Ervin C. Reiman was born March 22, 1899, in Ontario, Canada, to German immigrant parents. In 1903, the family moved to Michigan then to Idaho, where they settled in St. Maries. Ervin attended schools in St. Maries with his brother and sister. The area was devastated in 1910 by the largest forest fire in American history, known as the Big Blow-up. Reiman and his family survived it only by lying down along the St. Joe River bank for three days and nights while the fire raged on all sides. After attending Idaho College for one year, Ervin and his sister moved to Corvallis to attend Oregon Agricultural College. He graduated with a degree in animal husbandry in 1922.
While at OAC, he met Helen Barratt, a home economics major from Heppner. She was born November 10, 1901, and graduated from OAC in 1923. A year later, she and Ervin were married and eventually moved to Rosalia, Washington, where Ervin ran a small meat market and fur farm. It was here that he began experimenting with the preservation of foods by freezing, especially meats. While in Rosalia, Ervin became fire chief, city councilman, and finally mayor of Rosalia. The Reimans’ children were born there: Robert Ervin in 1924, William Carl in 1927, and Helen Elizabeth in 1928.
The Reiman family moved to Corvallis in 1935. Ervin founded and operated a frozen food locker business, renting freezer lockers to consumers for family use and selling and wrapping meats for freezing. They built the Modern Lockers plant on Madison Avenue between First and Second streets. In 1948, in partnership with their sons, they built the Modern Freezing and Storage plant on Northwest Ninth Street, with expanded commercial refrigerated warehousing facilities, a retail grocery store, a wholesale food marketing operation, and larger frozen food lockers. This was Corvallis’ first “supermarket,” with a large parking lot available for customers. The Modern Freeze grocery store featured the city’s first retail frozen food display cabinets. Mr. Reiman organized the Oregon State Locker Association and served as its president for eleven years. He also published the first booklet on how to process food for home freezing preservation, working closely with the Food Technology Department professors at Oregon State College.
His children, all of whom graduated from Corvallis High School and OSC, were involved with the family-run business, as was Helen, who served as bookkeeper. When Ervin and Helen retired, both sons remained in the business. His daughter and son-in-law took over an affiliated frozen food processing operation and successfully operated the company as Corvallis Packing Co. for many years. After retirement, Ervin and Helen took up financial and estate planning work out of the home and began extensive travels all over the world.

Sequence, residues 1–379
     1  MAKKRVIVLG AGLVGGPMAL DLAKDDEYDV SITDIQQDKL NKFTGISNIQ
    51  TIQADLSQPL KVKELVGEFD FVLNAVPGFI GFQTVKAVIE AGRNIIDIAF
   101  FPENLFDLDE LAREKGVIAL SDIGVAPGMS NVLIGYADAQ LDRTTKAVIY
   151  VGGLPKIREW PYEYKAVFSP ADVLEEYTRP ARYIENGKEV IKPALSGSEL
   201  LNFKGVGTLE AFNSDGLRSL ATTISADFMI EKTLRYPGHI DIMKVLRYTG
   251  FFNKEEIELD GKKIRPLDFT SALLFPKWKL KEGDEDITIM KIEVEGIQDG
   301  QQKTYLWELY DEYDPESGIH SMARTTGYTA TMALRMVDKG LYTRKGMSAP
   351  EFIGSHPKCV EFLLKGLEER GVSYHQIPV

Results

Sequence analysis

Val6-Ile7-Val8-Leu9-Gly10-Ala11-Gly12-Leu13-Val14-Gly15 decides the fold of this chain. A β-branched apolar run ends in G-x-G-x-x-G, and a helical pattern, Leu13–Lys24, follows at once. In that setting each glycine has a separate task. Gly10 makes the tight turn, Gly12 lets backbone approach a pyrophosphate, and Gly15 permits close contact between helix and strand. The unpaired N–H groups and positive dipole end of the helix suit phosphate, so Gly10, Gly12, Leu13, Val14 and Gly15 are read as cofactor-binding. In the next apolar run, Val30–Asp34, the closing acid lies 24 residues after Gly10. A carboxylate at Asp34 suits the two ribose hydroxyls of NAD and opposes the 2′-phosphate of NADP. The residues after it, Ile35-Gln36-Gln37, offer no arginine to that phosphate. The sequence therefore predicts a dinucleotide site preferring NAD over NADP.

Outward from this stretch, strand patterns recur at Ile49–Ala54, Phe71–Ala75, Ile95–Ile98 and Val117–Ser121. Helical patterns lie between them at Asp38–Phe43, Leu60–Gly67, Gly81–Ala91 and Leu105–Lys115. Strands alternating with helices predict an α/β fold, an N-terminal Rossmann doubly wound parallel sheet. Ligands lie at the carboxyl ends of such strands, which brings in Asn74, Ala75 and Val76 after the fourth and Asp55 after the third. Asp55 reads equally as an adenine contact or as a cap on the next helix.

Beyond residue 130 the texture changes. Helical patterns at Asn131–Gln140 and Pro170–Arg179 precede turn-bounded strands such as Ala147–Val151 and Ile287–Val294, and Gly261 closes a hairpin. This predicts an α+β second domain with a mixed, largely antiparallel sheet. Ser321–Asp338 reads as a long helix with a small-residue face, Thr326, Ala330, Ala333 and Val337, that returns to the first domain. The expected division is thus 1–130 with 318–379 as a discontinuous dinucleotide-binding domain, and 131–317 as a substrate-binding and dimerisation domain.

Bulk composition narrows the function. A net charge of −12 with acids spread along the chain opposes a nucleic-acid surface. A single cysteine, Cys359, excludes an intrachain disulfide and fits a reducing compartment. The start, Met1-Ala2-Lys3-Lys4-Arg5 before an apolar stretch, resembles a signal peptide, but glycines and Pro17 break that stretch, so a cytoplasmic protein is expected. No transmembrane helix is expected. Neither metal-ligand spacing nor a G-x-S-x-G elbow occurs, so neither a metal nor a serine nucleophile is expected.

Ervin was named Lion of the Year in 1957, and the Corvallis Chamber of Commerce chose him as Citizen of the Year in 1959. In 1961 the Corvallis High School yearbook was dedicated to him for his “special service and dedication to the youth of the high school.” He was a founding sponsor of the Youth Employment Service, which helped high school students find part-time work. He had also served on the Corvallis School Board for 12 years.
“Erv” was also recognized and honored by the Kiwanis Club and Corvallis Rotary Club for his outstanding work with youth and community projects. He was a founding director of BCF, serving on its board of directors for several years during its formative period. He also served on the board of Open Door, a work-training organization for people with disabilities.
Ervin and Helen were devoted parents, active in the community and especially in all areas of endeavor in which their children were involved. Both were avid sports fans. Erv was active in his church and served as a reader for a number of years. When he joined a club or organization, he was always a very active member.
After Ervin passed away in 1975, Helen remained active as a member of the Corvallis Garden Club, the Order of the Eastern Star, the American Legion Auxiliary, and the Lady Lion’s Club. She died at the age of 91 on September 22, 1993, leaving three children, ten grandchildren, and nineteen great grandchildren.
The Ervin C. & Helen C. Reiman Memorial Fund supports programs for the youth of Benton County through BCF’s annual grants cycle.